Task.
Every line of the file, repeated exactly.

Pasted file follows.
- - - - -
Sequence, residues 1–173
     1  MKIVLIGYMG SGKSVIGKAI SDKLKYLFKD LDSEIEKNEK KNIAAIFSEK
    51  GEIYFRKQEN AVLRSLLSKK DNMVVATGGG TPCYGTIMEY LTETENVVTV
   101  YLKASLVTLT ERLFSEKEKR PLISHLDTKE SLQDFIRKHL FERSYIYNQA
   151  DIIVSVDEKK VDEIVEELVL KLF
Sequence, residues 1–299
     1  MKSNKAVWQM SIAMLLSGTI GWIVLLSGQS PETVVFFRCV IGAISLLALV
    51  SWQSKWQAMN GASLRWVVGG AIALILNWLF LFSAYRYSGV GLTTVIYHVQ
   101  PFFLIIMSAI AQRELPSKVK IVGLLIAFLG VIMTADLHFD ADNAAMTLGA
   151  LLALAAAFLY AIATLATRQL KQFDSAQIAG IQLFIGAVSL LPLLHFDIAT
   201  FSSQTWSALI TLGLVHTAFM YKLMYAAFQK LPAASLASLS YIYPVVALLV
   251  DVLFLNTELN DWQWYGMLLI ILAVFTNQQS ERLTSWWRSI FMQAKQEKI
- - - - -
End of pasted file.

Sequence, residues 1–173
     1  MKIVLIGYMG SGKSVIGKAI SDKLKYLFKD LDSEIEKNEK KNIAAIFSEK
    51  GEIYFRKQEN AVLRSLLSKK DNMVVATGGG TPCYGTIMEY LTETENVVTV
   101  YLKASLVTLT ERLFSEKEKR PLISHLDTKE SLQDFIRKHL FERSYIYNQA
   151  DIIVSVDEKK VDEIVEELVL KLF
Sequence, residues 1–299
     1  MKSNKAVWQM SIAMLLSGTI GWIVLLSGQS PETVVFFRCV IGAISLLALV
    51  SWQSKWQAMN GASLRWVVGG AIALILNWLF LFSAYRYSGV GLTTVIYHVQ
   101  PFFLIIMSAI AQRELPSKVK IVGLLIAFLG VIMTADLHFD ADNAAMTLGA
   151  LLALAAAFLY AIATLATRQL KQFDSAQIAG IQLFIGAVSL LPLLHFDIAT
   201  FSSQTWSALI TLGLVHTAFM YKLMYAAFQK LPAASLASLS YIYPVVALLV
   251  DVLFLNTELN DWQWYGMLLI ILAVFTNQQS ERLTSWWRSI FMQAKQEKI